Eclectic Lockdown Notes: A Gathering of Dogs &  Sigrid Undset’s “The Cross”

They can’t wait to get back to the dog park!

Coronavirus is worse than the plague.  I don’t mean literally;  I mean from our perspective. This is the plague we know.  This is the plague we cannot quite understand.  This is the plague that has fragmented our world.  And much of what we know about the plague is from novels like Camus’s The Plague and the Nobel Prize winner Sigrid Undset’s  The Cross, the third novel in her Kristin Lavransdatter trilogy.  We never thought such an untreatable virus would happen here.

There are more cases of Covid-19 every day.  And so we practice social distancing, and wash our hands till they’re chapped. And yet who would think coronavirus threatens on a lovely spring day?  The sun is shining, the weather is mild, and the dogs are having the time of their life, because they’re going on walks constantly. The dog parks are closed, because dog parks mean A GATHERING OF DOGS.  (And humans, too, that’s the problem.). But it is a pleasure to see the dogs on their leisurely walks.  

I am not reading about the plague,  though I am thinking about getting a dog.  (Pet adoptions are up.) Still, I highly recommend  Nobel Prize winner Sigrid Unset’s masterpiece, the Kristin Lavransdatter trilogy.  Set in the Middle Ages,  this Norwegian bildungsroman  takes us from Kristin’s childhood in the 14th century to her death in the plague era.  Undset’s lyrical style subtly mimics certain cadences of  medieval lit,  especially in Charles Archer’s 1920s translation.  The 1990s translation by Tina Nunnallly is in more modern English.  I have read and enjoyed both.

The first two books, The Wreath and The Wife (in Archer’s translation they are called The Bridal Wreath and The Wife of Husaby), tell the story of Kristin’s  forbidden love affair with Erlend, an elegant but careless man of noble family, and their difficult marriage, because Erlend has a bad reputation after living for 10 years with a married woman, has neglected his estate, and been generally indiscreet, especially in politics.  And Kristin, who is constantly pregnant and ill, must restore and run the estate.  She suffers much in her marriage, but her religion saves her.

We don’t get to the plague until the third book, The Cross, when Kristin, who has become increasingly religious since her marriage, goes on a  pilgrimage.  She is in a convent when the plague strikes, and she and the nuns are exposed as they care for the sick.  

Here is a particularly dark passage. Don’t read this if you’re not up to it! 

Death and horror and suffering seemed to push people into a world without time.  No more than a few weeks had passed, if the days were to be counted, and yet it already seemed as if the world that had existed before the plague and death began wandering naked through the land had disappeared from everyone’s memory…  It was as if no living soul dared to hold on to the memory that life and the progression of workdays had once seemed close, while death was far away; nor was anyone capable of imagining that things might be that way again, if all human beings did not perish.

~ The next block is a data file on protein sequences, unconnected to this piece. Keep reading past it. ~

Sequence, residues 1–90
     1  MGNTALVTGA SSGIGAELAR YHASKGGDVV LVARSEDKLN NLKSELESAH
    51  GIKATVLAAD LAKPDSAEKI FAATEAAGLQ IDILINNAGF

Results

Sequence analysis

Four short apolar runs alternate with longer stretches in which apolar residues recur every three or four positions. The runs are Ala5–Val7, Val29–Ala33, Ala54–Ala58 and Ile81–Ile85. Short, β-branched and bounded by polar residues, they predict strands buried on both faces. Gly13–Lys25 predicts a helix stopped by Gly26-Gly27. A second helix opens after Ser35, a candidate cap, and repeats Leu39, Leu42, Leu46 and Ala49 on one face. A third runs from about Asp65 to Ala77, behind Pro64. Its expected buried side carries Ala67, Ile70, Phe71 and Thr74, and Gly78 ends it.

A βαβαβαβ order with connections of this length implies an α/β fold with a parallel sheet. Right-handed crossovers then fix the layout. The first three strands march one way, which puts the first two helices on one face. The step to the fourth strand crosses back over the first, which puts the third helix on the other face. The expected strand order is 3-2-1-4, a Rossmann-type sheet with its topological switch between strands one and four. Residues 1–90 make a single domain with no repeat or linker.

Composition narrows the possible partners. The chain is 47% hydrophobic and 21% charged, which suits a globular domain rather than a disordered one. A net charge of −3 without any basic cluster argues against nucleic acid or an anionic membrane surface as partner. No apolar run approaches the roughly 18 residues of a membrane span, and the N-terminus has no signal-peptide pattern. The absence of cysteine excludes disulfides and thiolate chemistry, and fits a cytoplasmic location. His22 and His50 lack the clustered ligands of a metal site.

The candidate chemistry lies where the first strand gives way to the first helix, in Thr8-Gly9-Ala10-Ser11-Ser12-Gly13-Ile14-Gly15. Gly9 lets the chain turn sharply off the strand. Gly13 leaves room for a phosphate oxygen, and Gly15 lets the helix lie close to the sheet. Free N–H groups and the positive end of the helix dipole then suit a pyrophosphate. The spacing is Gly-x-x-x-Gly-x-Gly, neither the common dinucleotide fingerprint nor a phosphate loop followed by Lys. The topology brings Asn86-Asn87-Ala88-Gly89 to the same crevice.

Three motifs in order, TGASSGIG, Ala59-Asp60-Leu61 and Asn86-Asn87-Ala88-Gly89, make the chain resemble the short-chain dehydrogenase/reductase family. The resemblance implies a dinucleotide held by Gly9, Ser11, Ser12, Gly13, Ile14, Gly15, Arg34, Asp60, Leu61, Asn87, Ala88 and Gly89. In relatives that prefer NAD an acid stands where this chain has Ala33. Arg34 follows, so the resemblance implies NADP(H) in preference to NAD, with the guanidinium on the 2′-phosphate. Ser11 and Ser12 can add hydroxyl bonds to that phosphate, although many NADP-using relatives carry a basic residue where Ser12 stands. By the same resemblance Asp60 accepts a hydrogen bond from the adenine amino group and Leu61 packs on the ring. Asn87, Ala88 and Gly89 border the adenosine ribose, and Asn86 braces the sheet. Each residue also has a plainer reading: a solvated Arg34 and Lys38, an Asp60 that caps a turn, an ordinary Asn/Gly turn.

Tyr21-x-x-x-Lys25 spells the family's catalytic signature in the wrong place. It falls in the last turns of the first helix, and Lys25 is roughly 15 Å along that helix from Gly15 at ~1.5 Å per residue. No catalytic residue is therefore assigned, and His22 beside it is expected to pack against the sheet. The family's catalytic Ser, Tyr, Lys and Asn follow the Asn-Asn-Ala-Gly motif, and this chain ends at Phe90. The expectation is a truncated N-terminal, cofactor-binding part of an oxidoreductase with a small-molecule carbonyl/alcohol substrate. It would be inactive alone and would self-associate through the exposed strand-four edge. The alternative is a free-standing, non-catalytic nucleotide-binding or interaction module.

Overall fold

My recommendation is that you read the first books of Kristin Lavransdatter and save The Cross for later–might as well wait till after the virus!

Lockdown 2020: “Decameron” to “War and Peace” & Reading Aloud

Vonnegut is great for reading aloud.

Everyone listens to audiobooks these days.  In fact, it’s hard to find a time when we’re not plugged into something. A few years ago a blogger wrote about listening to audiobooks with her boyfriend.  That’s rather sweet, but it’s even nicer to read books aloud with your boyfriend.

It used to be a cheap evening in for us, and now it still is:  plus, now we have t to stay home.  You don’t have to devote a lot of time to the project.  Reading a chapter or two every day is a pleasure.  Any genre you like, though we tend to stick to short books.  I recommend Kurt Vonnegut.

And here are three  NEW ONLINE LITERARY PROJECTS 

100 Days of Decameron

http://www.iowacityofliterature.org/decameron/

Anna Barker, a professor at the Univeristy of Iowa, will lead a discussion of Giovanni Boccaccio’s Decameron on Twitter starting on April 1.  She will be using the Project Gutenberg edition translated by J. M. Rigg.

She writes,

As the Great Plague, known as Black Death, was devastating Europe in the middle of the 14th century, Giovanni Boccaccio was writing a book of unparalleled wit and imagination to help rally the sagging spirit of humanity. Written between 1348 and 1352, The Decameron takes place in a Tuscan villa where seven young women, Pampinea, Filomena, Neifile, Fiammetta, Elissa, Lauretta, and Emilia, and three young men, Filostrato, Dioneo, and Panfilo, are self-quarantined while the plague is ravaging Florence. Being young and of active disposition, they stave off boredom by establishing a routine – every day they take walks, sing and tell stories.

Then there’s The Decameron Project.

According to the Tor website:  “Over on Patreon, award-winning author (and Tor.com contributor) Jo Walton, poet and author Maya Chhabra, and librarian, singer, and SF/F fan Lauren Schiller recently launched the Decameron Project, which aims to provide readers with a new donation-supported short story or novel excerpt every day as long as the world is under threat by the coronavirus.”

Then there’s Tolstoy Together. Read and discuss War and Peace with Yiyun Li and A Public Space. Starting March 18, join us for a free virtual book club—a moment each day when we can gather together as a community.#TolstoyTogether.

Let me know about other “lockdown” projects!.